But any fan of Pop music should see the play to be exposed to the importance of the songwriter; the importance of King to females in Pop music and songwriting; and to simply find the stories behind some of the most iconic hits in history. Decades after many were written they are so strong they can hold an entire musical. I'm not sure Taylor Swift, Kanye, Beyoncé or Brittany's music will pass the same test of time. Not to sound like a grumpy old man, but I'll put the songwriters of the 40s, 50s, 60 and 70s up against anything in the new millennium.
Take your mom and dad to see the play. Take your grandparents. Take the kids. Because for once, it is multi-generational because that's what good Pop music is: songs that will stand the test of time and entertain no matter.
The book by Douglas McGrath is witty and with words and music by Gerry Goffin, Carole King, Barry Mann and Cynthia Weil, well, words and music don't come much better. Sony/ATV Music Publishing makes it all possible by a licensing deal on the music (in terms of expenses for entertainment, the royalties on these songs are by far one of the biggest expenses of the production just like the licenses for music were the biggest expenses for "Idol" and "The Voice").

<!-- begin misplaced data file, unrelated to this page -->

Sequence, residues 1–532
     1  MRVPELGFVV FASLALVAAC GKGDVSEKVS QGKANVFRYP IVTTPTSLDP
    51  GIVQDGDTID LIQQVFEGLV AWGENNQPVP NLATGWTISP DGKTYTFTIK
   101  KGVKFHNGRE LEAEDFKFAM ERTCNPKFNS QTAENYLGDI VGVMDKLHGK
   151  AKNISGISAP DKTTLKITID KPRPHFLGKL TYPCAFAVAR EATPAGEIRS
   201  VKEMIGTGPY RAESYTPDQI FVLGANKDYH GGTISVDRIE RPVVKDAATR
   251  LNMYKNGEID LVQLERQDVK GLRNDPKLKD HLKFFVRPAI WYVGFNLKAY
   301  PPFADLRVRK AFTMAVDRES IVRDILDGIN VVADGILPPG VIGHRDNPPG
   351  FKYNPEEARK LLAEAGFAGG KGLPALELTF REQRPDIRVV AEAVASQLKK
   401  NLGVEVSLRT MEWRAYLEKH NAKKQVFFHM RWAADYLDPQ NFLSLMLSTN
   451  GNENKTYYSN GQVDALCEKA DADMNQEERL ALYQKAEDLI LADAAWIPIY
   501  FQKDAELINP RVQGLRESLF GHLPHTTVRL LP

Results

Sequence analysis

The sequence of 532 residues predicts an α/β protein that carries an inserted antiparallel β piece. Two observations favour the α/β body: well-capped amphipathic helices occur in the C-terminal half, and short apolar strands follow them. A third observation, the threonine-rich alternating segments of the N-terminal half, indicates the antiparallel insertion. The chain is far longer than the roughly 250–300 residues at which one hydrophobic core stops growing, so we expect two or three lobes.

And as you stand applauding at the end, as you will, you'll be under powerful magic, an elixir of the most potent mix: witty theater, well produced stage play, strong ensemble cast, honest, talented lead and music that has helped provide the soundtrack for generations since the 50s.
To see the Official Playbill
To hear Songs from the Musical